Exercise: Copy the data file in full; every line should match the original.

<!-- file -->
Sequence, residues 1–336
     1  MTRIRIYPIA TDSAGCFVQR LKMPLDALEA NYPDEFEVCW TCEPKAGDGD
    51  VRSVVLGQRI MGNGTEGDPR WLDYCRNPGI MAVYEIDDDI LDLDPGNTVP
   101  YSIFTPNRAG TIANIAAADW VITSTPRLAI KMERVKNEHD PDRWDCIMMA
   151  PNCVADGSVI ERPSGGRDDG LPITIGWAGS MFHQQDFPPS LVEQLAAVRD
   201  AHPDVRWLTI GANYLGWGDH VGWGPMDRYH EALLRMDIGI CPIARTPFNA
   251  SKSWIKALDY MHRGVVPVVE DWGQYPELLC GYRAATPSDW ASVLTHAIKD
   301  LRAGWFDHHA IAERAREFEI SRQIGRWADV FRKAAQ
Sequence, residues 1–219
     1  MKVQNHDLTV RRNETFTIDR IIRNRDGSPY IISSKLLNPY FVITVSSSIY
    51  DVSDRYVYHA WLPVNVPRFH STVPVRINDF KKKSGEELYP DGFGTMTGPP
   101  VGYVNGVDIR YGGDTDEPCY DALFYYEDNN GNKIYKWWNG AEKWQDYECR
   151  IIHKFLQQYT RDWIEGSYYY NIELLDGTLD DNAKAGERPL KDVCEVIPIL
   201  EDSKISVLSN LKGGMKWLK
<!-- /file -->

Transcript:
Sequence, residues 1–336
     1  MTRIRIYPIA TDSAGCFVQR LKMPLDALEA NYPDEFEVCW TCEPKAGDGD
    51  VRSVVLGQRI MGNGTEGDPR WLDYCRNPGI MAVYEIDDDI LDLDPGNTVP
   101  YSIFTPNRAG TIANIAAADW VITSTPRLAI KMERVKNEHD PDRWDCIMMA
   151  PNCVADGSVI ERPSGGRDDG LPITIGWAGS MFHQQDFPPS LVEQLAAVRD
   201  AHPDVRWLTI GANYLGWGDH VGWGPMDRYH EALLRMDIGI CPIARTPFNA
   251  SKSWIKALDY MHRGVVPVVE DWGQYPELLC GYRAATPSDW ASVLTHAIKD
   301  LRAGWFDHHA IAERAREFEI SRQIGRWADV FRKAAQ
Sequence, residues 1–219
     1  MKVQNHDLTV RRNETFTIDR IIRNRDGSPY IISSKLLNPY FVITVSSSIY
    51  DVSDRYVYHA WLPVNVPRFH STVPVRINDF KKKSGEELYP DGFGTMTGPP
   101  VGYVNGVDIR YGGDTDEPCY DALFYYEDNN GNKIYKWWNG AEKWQDYECR
   151  IIHKFLQQYT RDWIEGSYYY NIELLDGTLD DNAKAGERPL KDVCEVIPIL
   201  EDSKISVLSN LKGGMKWLK